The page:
Jul 18th, 2013
Category: Athletic Performance Training
FMF Blog #11 – Overtraining in Youth Soccer
In my previous blog I lightly covered three different examples of overtraining. As a reminder here are the five overtraining signs aforementioned: fatigue; muscle soreness; forgetfulness; lack of motivation; and lastly injuries. Throughout the blog I am going to be discussing youth soccer overtraining and solutions to preventing overtraining.
Youth soccer is one of the most popular youth organized sports. Its popularity has lead to an explosion of soccer clubs, including numerous competitive programs and ex-players as coaches. These more experienced coaches and competitive leagues continue to increase young soccer players IQ levels by providing them with a better understanding of the game. However, coaches feel that the volume of practices each week, as well as the amount of competitive tournaments, must be increased to increase soccer performance.
One common practice is to take youth soccer players through advanced soccer and agility drills that they have done themselves and/or viewed on YouTube. These movements require extreme coordination, skill, neurological development and strength. The coaches often focus on the coordination and skill but miss out on the neurological and strength development, which in turn leads to injury and/or a lack of results.
By skipping strength and neurological development in their training programs youth soccer players are developing more injuries and a reduction in athletic performance. Common injuries are osgood slaughters, ACL tears and meniscus tears. All of the following can be avoided through range of motion (ROM) strength training and neurological development training.
Soccer requires a small ROM that leads to tightness within the fascia tissue and a lack of muscular development. Sport specific imbalances and tightness cause numerous injuries. Development, strength, athletic performance and injury prevention all lie in ROM training. Therefore, exercises should focus on proper technique and with a larger ROM. Examples are split squats, lunges, bridges, pushups, planks, blood hounds and many other exercises. I suggest that each coach select two days per week (at minimum) to focus on sprinting technique training (i.e. skipping), strength / bodyweight training (i.e. split squats), neurological development (i.e. blood hounds), and agility training (i.e. agility ladder).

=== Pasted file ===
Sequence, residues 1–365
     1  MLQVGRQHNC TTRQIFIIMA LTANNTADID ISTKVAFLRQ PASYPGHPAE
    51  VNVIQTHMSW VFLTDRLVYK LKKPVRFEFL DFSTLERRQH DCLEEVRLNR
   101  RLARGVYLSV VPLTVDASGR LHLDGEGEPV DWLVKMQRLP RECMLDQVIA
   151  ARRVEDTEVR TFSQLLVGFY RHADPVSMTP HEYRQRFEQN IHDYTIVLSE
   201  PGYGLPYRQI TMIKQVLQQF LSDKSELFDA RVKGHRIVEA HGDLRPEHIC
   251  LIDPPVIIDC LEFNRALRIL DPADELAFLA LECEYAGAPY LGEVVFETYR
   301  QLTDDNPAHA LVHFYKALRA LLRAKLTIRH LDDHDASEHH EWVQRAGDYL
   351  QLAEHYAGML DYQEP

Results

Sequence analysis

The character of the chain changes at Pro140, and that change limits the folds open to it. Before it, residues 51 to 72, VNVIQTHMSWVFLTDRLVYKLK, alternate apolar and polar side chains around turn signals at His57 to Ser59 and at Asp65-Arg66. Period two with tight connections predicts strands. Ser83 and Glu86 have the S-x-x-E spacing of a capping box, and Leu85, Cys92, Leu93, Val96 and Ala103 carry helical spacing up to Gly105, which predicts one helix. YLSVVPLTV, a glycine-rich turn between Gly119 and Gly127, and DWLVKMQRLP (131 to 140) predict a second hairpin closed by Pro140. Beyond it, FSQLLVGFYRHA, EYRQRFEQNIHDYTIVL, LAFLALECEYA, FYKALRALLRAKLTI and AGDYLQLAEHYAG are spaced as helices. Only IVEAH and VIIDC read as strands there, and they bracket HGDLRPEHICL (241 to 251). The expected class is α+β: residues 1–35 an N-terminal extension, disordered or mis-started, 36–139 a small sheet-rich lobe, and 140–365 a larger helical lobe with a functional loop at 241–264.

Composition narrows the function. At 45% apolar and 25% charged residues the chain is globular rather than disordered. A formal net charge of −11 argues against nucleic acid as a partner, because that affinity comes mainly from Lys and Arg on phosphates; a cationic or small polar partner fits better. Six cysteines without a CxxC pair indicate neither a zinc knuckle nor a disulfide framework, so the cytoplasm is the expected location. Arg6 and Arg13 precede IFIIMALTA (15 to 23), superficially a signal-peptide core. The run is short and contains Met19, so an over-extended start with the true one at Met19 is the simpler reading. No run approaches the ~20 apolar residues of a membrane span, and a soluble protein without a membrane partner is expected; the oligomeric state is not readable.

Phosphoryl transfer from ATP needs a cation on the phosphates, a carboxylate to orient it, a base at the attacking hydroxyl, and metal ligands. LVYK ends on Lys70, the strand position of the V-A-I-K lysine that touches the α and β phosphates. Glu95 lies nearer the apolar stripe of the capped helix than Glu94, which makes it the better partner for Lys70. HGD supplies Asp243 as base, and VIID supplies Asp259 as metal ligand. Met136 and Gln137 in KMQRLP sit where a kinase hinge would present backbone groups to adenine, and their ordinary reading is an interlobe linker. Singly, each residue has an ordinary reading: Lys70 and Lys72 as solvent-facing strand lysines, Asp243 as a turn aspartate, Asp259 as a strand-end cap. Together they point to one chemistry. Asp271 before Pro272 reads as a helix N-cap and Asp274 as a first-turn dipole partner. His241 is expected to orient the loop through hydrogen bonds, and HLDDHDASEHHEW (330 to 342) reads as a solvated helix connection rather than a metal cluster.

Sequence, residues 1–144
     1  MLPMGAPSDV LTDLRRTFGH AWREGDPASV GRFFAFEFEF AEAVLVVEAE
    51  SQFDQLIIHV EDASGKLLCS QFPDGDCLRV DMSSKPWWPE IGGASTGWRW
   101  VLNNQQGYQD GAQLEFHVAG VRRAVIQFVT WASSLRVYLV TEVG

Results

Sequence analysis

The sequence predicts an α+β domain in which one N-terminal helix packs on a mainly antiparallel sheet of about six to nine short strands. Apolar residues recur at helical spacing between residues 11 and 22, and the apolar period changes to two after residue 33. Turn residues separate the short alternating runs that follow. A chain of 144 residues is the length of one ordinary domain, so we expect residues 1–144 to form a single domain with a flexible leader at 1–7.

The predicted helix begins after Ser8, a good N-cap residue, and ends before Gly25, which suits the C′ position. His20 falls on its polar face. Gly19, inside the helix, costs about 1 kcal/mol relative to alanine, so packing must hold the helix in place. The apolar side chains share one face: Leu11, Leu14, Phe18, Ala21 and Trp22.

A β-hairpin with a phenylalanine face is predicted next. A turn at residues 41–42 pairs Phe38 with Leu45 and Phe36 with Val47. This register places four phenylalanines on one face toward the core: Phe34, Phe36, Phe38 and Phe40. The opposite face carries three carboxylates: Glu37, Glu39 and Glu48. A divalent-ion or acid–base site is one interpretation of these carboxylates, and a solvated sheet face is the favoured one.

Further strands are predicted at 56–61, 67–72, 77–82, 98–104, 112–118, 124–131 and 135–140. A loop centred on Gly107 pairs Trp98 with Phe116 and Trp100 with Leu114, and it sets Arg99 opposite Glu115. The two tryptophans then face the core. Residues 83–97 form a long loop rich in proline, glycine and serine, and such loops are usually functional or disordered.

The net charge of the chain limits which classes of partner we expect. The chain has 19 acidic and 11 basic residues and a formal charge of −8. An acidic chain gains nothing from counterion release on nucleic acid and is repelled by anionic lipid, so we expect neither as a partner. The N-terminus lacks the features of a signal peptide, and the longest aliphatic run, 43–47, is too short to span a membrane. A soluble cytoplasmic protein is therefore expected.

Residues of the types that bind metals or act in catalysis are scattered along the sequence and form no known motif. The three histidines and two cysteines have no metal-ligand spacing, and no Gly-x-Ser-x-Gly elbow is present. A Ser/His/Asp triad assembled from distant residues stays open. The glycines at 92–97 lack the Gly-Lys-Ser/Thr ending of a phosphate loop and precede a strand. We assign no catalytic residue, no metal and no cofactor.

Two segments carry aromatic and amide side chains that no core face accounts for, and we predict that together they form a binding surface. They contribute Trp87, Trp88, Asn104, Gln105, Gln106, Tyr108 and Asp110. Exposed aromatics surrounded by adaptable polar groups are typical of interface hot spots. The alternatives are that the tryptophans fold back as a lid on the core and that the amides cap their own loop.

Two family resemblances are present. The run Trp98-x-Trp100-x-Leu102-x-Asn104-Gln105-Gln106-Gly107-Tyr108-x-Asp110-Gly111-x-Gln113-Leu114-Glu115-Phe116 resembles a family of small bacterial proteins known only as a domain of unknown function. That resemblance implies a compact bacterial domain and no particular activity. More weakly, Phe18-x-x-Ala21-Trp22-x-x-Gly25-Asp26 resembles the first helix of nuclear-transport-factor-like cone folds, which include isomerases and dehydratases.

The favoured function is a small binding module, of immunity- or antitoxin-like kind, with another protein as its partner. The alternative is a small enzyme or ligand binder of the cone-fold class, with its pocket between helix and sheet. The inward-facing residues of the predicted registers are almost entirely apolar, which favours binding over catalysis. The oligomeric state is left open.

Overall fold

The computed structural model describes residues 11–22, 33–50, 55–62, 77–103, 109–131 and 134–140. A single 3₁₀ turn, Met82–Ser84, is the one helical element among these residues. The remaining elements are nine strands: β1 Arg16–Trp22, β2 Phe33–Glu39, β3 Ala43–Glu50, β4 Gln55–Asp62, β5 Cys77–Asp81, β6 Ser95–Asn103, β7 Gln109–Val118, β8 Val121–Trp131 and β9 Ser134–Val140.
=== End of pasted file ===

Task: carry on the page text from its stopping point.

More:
A specific daily warm up can be helpful in this manner. A warm up should include sprint technique, body weight strength, lateral movements, agility / balance movements, and coordinative muscle actions. The warm up should run in duration from about 15-20 minutes at minimum. Select age appropriate exercises by performing an analysis on the limitations of the group / team; this day and age limitations can be significant.
The technological age is the main cause of the limitations in youth soccer players. In the past, youth would entertain themselves through physical activity and yard work, which results in general development. However, in today’s day and age ROM / development training must be focused on separately. Simply playing soccer is no longer enough, coaches and parents must do more.
Perform a warm up that consists of sprint technique, strength, development, agility and balance work
Perform development / athletic performance / strength training at minimum two times per week
Training age appropriate exercises – asses the group / team as a whole
Copyright Functional Muscle Fitness LLC © 2013